All this to say, I think the street action needed is of a different kind. It should be focused less on how much the government sucks or how much we are right, and a lot more in what it is these people on the other side need. They had a strong emotional connection with Chávez and everything points to there not being such a bond with Nick. So, we should be directing our efforts in soplarle el bistec al gobierno.

    For example, is anyone in the opposition doing any sort of social work? I mean actual social work. The textbook kind. Things like family counselling, sex-ed for the young, or free legal advice in the slums. When I was in Venezuela there were some PJ-associated groups doing some stuff, but they were mostly focused on religion and were more hardcore about it that the pope. There were also some student groups at the USB doing similar (and saner) things, but I don’t know if that is still going.


    • I don’t think they hate us. The feeling I get is that they distrust us, but don’t hate us.

      And it is not about logic. It is about emotions as you imply here. People are not blind to these issues, but in spite of those issues they make the political choices that you have seen. You need to have empathy for them (via finding common needs) and have them have empathy for you. They have to see that you are getting mistreated for saying something honest.

      On the activism side, or social work as you call it. Yes, there is tons. None of the properly funded.


  4. Exactly. Also, we also need to realize that having a dialogue with the government does not mean that protests have to or will stop (not that you can control them – that’s the point). Also, I hope that the MUD respects the students enough to have student leaders at the table during the dialogue. They started and have kept the protests going (they were between 4 and 7 years old when this regime was elected). I like the students as heroes narrative but we can’t expect them to be superheroes that solve everything without the help of the rest of civil society.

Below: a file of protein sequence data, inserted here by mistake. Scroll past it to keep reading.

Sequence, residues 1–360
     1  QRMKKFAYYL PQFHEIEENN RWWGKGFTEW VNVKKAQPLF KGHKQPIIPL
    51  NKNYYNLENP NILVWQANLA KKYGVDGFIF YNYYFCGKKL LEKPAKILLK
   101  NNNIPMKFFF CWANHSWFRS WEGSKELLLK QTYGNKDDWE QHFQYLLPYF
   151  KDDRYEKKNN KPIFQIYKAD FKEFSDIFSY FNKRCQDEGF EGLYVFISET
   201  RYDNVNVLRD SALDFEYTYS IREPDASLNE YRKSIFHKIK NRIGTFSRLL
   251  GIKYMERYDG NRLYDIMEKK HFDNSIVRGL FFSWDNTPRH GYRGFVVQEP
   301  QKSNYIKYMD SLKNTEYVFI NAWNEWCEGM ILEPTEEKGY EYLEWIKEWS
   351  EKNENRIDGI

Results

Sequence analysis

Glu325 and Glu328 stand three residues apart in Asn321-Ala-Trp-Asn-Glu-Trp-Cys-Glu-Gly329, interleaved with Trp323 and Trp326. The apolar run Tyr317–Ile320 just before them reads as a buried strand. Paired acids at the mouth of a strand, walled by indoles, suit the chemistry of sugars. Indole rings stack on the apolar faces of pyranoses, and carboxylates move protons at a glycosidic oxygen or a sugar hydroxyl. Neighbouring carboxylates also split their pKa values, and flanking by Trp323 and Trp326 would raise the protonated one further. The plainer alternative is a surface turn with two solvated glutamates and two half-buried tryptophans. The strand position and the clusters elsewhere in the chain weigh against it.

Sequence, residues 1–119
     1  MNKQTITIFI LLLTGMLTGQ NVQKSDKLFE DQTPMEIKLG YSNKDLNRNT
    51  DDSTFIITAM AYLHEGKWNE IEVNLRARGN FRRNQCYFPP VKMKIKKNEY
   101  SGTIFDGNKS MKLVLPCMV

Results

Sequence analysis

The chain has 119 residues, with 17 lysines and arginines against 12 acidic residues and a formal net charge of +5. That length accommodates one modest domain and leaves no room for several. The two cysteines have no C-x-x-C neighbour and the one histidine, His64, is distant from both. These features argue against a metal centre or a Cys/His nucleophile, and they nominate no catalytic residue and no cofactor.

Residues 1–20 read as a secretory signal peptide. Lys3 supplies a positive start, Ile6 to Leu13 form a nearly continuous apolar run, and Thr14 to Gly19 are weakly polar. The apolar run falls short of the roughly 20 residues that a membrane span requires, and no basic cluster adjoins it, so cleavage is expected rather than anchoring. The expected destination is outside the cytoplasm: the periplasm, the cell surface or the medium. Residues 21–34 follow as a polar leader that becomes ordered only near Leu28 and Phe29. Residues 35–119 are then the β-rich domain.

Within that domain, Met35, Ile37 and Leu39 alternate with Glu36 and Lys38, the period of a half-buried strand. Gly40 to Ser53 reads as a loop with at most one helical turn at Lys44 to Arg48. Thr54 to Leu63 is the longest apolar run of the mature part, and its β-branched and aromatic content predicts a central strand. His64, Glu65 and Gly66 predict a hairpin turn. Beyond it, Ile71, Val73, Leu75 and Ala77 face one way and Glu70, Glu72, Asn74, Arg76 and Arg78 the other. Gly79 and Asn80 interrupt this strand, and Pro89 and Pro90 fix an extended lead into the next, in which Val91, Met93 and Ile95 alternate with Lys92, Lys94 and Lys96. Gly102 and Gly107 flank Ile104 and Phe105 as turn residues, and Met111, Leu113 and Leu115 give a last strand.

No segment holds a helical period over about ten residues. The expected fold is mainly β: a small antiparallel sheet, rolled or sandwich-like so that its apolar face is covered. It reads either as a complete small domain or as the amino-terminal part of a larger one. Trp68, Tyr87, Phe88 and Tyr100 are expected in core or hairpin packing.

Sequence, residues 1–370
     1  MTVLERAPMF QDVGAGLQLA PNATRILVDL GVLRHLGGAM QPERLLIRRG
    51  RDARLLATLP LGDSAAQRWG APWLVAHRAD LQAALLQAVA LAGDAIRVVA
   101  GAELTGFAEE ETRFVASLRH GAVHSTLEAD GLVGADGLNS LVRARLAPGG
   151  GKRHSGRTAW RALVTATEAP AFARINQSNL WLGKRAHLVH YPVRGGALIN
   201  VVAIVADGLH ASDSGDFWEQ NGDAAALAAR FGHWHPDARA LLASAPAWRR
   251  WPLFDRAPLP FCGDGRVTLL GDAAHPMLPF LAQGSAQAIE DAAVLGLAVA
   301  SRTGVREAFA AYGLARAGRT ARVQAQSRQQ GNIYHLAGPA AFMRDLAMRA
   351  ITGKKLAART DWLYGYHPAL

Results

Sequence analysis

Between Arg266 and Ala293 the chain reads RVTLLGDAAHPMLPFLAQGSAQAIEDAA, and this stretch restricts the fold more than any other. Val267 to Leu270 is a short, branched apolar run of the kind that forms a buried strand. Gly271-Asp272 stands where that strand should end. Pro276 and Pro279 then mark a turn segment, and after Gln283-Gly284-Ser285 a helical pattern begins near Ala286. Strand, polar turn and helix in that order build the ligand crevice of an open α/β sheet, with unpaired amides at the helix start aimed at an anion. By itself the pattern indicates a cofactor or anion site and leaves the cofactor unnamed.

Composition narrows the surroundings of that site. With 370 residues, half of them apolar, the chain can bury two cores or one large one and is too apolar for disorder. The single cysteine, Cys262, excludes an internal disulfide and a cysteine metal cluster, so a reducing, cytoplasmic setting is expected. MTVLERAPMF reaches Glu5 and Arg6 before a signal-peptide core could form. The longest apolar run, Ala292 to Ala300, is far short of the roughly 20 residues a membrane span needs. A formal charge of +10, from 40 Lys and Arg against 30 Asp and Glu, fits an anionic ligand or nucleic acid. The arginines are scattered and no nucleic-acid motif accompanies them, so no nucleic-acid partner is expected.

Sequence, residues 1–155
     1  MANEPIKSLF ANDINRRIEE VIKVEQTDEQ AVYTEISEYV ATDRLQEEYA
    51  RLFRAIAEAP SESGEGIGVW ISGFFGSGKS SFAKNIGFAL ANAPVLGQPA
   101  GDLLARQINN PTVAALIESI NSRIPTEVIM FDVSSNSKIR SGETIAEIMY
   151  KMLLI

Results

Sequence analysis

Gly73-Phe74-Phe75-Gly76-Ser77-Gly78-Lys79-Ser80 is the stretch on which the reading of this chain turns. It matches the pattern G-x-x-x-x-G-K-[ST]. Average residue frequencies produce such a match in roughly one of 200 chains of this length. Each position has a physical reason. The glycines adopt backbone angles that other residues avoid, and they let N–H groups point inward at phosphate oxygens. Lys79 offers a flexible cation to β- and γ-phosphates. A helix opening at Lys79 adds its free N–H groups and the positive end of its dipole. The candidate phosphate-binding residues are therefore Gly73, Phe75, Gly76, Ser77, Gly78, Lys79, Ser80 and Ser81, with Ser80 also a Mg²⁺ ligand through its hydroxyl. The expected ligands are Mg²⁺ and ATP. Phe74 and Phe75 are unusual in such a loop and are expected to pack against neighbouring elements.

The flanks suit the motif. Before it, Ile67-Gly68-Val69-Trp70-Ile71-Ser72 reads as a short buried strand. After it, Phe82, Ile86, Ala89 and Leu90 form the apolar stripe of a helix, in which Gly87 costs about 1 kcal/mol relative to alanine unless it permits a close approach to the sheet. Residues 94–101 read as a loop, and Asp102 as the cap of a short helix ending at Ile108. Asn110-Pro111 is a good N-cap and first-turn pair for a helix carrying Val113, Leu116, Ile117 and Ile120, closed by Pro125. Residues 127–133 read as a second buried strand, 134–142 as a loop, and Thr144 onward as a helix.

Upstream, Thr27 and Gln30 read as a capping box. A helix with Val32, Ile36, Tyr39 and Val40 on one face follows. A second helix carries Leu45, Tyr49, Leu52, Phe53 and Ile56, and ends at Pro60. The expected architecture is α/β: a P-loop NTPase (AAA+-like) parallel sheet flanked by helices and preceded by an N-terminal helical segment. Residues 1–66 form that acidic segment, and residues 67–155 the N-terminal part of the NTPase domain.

5. It is dangerous to try to draw quick conclusions from countries one hardly knows, just because one happens to hear about them from time to time on the news. If you don’t do your homework , if you haven’t tried to analyse the history and economics of the places you are picking an example from, if you don’t try to actually get differing views from people in those places, you should be a bit more cautious about trying to say such things like “we should do it like them” or “why haven’t we done it like them?” or “why can’t they make it if we can?”

    Ukraine 2002 was a non sustainable pseudo-revolution.
    The situation in Ukraine in the last year or so has deteriorated dramatically.
    Ukraine has completely different historical, educational, economic backgrounds than Venezuela.